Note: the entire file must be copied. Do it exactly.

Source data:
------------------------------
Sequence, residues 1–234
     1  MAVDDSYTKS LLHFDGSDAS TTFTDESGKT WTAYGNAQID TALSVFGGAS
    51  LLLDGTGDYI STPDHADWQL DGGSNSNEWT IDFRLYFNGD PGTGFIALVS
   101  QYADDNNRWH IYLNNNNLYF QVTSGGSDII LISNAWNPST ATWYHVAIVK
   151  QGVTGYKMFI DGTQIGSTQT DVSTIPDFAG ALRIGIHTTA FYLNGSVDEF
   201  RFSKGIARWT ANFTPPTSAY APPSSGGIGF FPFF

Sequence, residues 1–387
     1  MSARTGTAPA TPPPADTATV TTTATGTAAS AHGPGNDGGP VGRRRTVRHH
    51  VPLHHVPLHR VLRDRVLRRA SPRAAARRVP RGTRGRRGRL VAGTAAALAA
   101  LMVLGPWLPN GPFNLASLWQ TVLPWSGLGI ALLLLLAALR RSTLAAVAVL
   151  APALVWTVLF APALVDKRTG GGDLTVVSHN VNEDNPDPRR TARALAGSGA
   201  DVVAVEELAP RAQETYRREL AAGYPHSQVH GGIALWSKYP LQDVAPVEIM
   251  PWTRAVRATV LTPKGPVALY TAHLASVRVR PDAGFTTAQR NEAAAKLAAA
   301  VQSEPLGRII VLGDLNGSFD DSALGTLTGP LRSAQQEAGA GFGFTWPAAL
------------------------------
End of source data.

Sequence, residues 1–234
     1  MAVDDSYTKS LLHFDGSDAS TTFTDESGKT WTAYGNAQID TALSVFGGAS
    51  LLLDGTGDYI STPDHADWQL DGGSNSNEWT IDFRLYFNGD PGTGFIALVS
   101  QYADDNNRWH IYLNNNNLYF QVTSGGSDII LISNAWNPST ATWYHVAIVK
   151  QGVTGYKMFI DGTQIGSTQT DVSTIPDFAG ALRIGIHTTA FYLNGSVDEF
   201  RFSKGIARWT ANFTPPTSAY APPSSGGIGF FPFF

Sequence, residues 1–387
     1  MSARTGTAPA TPPPADTATV TTTATGTAAS AHGPGNDGGP VGRRRTVRHH
    51  VPLHHVPLHR VLRDRVLRRA SPRAAARRVP RGTRGRRGRL VAGTAAALAA
   101  LMVLGPWLPN GPFNLASLWQ TVLPWSGLGI ALLLLLAALR RSTLAAVAVL
   151  APALVWTVLF APALVDKRTG GGDLTVVSHN VNEDNPDPRR TARALAGSGA
   201  DVVAVEELAP RAQETYRREL AAGYPHSQVH GGIALWSKYP LQDVAPVEIM
   251  PWTRAVRATV LTPKGPVALY TAHLASVRVR PDAGFTTAQR NEAAAKLAAA
   301  VQSEPLGRII VLGDLNGSFD DSALGTLTGP LRSAQQEAGA GFGFTWPAAL